(director: Greg “Freddy” Camalier; cinematographer: Anthony Arendt; editor: Richard Lowe; cast: Gregg Allman, Bono, Clarence Carter, Jimmy Cliff, Aretha Franklin, Rick Hall, Roger Hawkins, David Hood, Mick Jagger, Jaimoe, Donna-Jean Godchaux, Jimmy Johnson, Alicia Keys, Ed King, Spooner Oldham, John Paul White, Dan Penn, Keith Richards, Percy Sledge, Candi Staton, Steve Winwood, Rick Hall; Runtime: 111; MPAA Rating: PG; producers: Stephen Badger/Greg “Freddy” Camalier; Magnolia; 2013)
“Its story is well-worth telling.”

Reviewed by Dennis Schwartz

First-time helmer Greg “Freddy” Camalierunevenly directs this music documentary that explores the unique rock sound that emerged in the 1960s from the nondescript Muscle Shoals, a small village bordering the Tennessee River, on the Alabama border, that surprisingly became renown for its magical sound and that it promoted integration in the Deep South before the Civil Rights Movement (black musicians played with white musicians). It tells the story of how Rick Hall, producer & songwriter, founded the publishing company FAME and the legendary studio in Muscle Shoals, in a place where local Indian myth has it that the spirits from the river run through the town and influence the music.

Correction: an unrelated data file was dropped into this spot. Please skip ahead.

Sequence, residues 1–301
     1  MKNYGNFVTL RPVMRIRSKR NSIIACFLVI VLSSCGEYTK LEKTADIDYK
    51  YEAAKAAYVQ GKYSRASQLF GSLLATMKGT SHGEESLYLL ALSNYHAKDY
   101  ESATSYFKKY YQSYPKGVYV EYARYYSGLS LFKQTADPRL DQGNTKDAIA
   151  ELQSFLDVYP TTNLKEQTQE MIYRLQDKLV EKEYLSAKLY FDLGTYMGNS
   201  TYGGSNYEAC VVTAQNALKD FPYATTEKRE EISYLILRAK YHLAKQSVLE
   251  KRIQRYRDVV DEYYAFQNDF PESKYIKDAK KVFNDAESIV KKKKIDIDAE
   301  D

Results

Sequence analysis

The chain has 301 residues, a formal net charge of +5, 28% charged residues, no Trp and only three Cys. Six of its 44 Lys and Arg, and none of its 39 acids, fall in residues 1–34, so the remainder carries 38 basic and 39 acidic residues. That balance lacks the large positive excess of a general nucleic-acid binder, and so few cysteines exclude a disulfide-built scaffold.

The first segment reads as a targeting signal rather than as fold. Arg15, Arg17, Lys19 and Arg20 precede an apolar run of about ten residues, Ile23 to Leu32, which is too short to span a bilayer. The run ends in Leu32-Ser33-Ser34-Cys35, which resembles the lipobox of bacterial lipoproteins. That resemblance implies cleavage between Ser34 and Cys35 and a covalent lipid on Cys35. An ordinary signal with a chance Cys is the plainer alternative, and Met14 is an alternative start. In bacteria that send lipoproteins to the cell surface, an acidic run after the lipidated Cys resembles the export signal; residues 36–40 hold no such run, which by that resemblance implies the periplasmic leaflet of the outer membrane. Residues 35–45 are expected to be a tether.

In a no-nonsense way, it without too much depth tells how the backwater site became one of the hip spots for soul artists in the 1960s to record such locals like Percy Sledge and out-of-towners like Wilson Pickett and Aretha Franklin. It also became home to Rock and Roll artists such as Jimmy Cliff, Paul Simon, Traffic, The Rolling Stones, and Bob Dylan.

Director Camalier offers a hard sell on how the music magically came out of the mud, according to Bono, and how significant Muscle Shoals sound was to the evolution of music. Too many talking head musician interviews take away somewhat from the listening pleasure derived from the music. Though things are uplifting and intriguing at times, and its story is well-worth telling.

Muscle Shoals